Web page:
Back to the Gridiron: A Story of Community, Hard Work, and the Power of Mindset


The last game of Montana Tech’s 2022 football season is one that Coach Kyle Samson will tell his players about for many years to come. He might forget the details of the 49-6 blowout against the Northern Lights in Havre, Montana, but he’ll never forget the sound and overwhelming emotion as safety Isaiah Allik took the field.

The energy in the stadium was electric as Allik overcame two years of cancer treatment to join his teammates on the field.

“When he went into the game, it was a powerful moment,” Samson remembers. “For us as a team, it was an incredible moment. I can’t overstate the courage that he’s shown. Most people would have felt sorry for themselves or down about having cancer. Not Isaiah. It’s inconceivable the amount of positivity he brought to our team. A lot of people look to Isaiah when they are having struggles, because they know how Isaiah worked through his own.”

Allik was a standout athlete at Charlo High School. He placed third in state wrestling as a high school freshman in Alaska and earned a Montana state wrestling championship as well. He was an all-state performer in track and field, but it was the football team where Allik found his place among the Orediggers.

Allik’s first semester at Tech, Fall 2020, was met with a challenge that seemed benign at first. There was a lump on his hamstring that kept him from taking the field.

“I wasn’t able to do much of anything,” Allik remembers. The lump kept growing despite physical therapy. Allik couldn’t straighten his leg, and it was apparent something was wrong.

“He tried and tried and was working his butt off,” Samson said. “He just wasn’t getting any better.”

Allik went for an MRI, never thinking that his lump would be something life-threatening. Doctors came back and asked for a biopsy. The results showed a rare form of cancer, pseudomyogenic hemangioendothelioma.

Suddenly, Allik’s focus shifted. He withdrew from spring classes to engage in a full-time fight for his health. He worked with doctors in Kalispell to shrink the tumor for six months, but the biggest break came when Allik’s physicians were able to get his case before a board of doctors who specialize in tumor treatment. They agreed to take his case, and surgery was performed to remove the tumor.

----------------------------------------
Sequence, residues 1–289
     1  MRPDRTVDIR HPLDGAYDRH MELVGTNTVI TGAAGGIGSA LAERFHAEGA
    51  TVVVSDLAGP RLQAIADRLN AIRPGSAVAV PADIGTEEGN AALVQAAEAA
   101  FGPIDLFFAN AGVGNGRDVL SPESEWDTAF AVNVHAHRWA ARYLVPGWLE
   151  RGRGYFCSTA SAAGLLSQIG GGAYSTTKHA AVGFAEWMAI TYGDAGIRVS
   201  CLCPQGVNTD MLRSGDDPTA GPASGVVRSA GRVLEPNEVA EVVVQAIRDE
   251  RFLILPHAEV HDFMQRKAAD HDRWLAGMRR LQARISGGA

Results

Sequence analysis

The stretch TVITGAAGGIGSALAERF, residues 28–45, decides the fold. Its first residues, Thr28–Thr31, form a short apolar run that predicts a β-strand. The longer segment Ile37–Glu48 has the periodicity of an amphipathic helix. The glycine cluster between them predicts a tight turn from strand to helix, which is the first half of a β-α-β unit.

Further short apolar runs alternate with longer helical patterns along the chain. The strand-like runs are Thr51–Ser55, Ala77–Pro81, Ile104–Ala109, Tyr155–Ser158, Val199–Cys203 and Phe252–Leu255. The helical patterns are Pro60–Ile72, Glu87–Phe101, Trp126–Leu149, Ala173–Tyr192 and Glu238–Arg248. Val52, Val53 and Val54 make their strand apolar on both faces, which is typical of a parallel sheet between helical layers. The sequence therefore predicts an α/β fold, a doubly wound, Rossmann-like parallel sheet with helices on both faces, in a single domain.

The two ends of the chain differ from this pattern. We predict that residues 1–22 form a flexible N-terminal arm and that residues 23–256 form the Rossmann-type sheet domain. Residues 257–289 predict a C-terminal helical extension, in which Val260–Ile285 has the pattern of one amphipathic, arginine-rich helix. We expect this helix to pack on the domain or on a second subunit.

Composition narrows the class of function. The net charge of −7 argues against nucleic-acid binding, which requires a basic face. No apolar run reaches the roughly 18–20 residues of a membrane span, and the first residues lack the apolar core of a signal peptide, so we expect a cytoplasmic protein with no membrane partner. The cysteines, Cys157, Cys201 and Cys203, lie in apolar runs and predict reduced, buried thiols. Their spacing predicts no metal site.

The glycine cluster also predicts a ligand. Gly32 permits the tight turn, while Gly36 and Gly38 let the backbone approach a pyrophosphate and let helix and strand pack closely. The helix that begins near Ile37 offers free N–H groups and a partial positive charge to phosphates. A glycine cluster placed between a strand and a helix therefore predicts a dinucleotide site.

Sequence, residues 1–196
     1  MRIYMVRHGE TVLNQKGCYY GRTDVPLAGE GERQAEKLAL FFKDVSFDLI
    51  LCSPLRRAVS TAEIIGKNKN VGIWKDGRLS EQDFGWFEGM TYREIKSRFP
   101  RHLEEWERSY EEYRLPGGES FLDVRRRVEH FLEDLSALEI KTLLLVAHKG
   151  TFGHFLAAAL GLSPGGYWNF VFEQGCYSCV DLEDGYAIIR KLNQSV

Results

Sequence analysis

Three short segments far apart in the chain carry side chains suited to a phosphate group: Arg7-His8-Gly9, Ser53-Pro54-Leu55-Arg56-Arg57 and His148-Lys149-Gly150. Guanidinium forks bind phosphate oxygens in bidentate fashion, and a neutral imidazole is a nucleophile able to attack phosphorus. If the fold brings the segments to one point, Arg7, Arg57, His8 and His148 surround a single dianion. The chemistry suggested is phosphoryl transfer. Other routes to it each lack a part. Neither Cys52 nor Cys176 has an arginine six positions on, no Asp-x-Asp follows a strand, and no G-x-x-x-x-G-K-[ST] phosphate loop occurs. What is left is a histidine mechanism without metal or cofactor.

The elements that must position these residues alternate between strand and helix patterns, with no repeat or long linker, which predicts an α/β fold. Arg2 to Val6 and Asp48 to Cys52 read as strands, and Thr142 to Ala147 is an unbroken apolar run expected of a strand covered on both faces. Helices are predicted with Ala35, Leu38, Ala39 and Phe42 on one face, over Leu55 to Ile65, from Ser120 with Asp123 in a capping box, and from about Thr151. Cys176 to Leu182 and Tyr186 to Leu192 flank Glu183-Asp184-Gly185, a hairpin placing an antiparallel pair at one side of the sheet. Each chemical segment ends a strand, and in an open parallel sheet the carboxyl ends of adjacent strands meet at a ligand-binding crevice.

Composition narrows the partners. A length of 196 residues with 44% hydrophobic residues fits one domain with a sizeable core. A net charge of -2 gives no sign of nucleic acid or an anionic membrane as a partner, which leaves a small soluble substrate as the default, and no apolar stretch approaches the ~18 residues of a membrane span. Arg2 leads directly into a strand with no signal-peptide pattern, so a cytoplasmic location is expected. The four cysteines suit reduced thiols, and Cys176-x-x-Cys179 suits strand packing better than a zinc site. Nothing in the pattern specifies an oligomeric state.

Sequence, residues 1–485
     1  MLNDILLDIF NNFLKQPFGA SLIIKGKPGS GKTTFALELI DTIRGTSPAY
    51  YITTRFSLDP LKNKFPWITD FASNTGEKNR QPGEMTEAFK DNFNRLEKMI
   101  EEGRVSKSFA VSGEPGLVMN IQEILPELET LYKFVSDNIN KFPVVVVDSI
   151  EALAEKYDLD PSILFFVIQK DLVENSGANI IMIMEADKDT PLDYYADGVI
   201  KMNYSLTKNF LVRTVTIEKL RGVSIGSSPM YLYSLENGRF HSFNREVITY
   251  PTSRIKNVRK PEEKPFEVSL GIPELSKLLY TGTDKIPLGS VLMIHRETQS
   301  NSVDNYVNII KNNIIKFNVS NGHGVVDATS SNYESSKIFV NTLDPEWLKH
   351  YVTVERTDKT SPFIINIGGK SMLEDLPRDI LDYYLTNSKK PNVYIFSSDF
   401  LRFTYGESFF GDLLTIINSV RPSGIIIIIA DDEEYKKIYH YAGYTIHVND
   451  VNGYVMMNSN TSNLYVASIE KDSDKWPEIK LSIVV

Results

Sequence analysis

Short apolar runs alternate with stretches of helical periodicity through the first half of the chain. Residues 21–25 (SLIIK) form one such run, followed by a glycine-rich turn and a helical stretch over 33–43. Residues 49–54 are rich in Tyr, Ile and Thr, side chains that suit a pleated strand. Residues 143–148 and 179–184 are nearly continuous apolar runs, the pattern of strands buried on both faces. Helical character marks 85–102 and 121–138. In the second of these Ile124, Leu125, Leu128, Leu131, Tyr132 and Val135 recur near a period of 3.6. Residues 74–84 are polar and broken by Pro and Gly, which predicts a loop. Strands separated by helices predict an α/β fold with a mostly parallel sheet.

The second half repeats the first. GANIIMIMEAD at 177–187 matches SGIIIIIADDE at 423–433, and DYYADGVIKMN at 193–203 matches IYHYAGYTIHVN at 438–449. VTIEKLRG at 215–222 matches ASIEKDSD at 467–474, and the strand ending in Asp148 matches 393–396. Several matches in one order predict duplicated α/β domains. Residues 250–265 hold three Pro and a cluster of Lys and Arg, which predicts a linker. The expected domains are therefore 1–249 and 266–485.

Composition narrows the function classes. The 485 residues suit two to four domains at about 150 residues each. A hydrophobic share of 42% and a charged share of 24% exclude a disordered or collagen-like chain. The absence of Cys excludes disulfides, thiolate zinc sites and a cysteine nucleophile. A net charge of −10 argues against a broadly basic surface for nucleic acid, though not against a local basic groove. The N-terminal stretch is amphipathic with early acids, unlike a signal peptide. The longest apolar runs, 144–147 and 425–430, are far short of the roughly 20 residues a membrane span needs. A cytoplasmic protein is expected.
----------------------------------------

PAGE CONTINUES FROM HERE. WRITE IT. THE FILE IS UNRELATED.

“That changed the trajectory,” Allik said. “I could finally straighten my leg.”

Though distance separated him from his teammates, they were there in spirit.

Coach Samson started a GoFundMe, and word spread like wildfire across the state of Montana that Allik could use some support. Landers Smith, an Oredigger running back also from Charlo, started a fundraiser selling “Isaiah Strong” bracelets and shirts. The collective effort raised approximately $100,000 to help cover the costs of treatment.

Allik says it was a big help to know his parents would have fewer medical expenses for his care. As he started to recover, Allik returned to classes. He worked around medical appointments and continued to get good grades in the Business- Construction Management program. He also came to every practice he could to cheer his teammates on.

“I just wanted to be able to play football again,” Allik said.

Allik continued to grind toward his goal and eventually, just as the 2022 season was about to end, two years after his battle with cancer started, he returned to the field.

“That Northern game was so cool,” Allik said. “Everyone was cheering.”

Allik is preparing to take the field in the 2023 season, and Coach Samson has high hopes about what he’ll bring as an athlete after showing the team what it takes to overcome adversity. After watching Allik beat cancer, Samson knows the player has the right demeanor to excel and achieve far beyond the football field.

“For anybody in life, if you are going to get through something tough, you have to have the right attitude,” Samson said. “If you believe something, and you have the right mindset, you can achieve anything. You don’t meet too many people like Isaiah. I don’t think it will ever be quantified how much he helped us while going through all he’s been through.”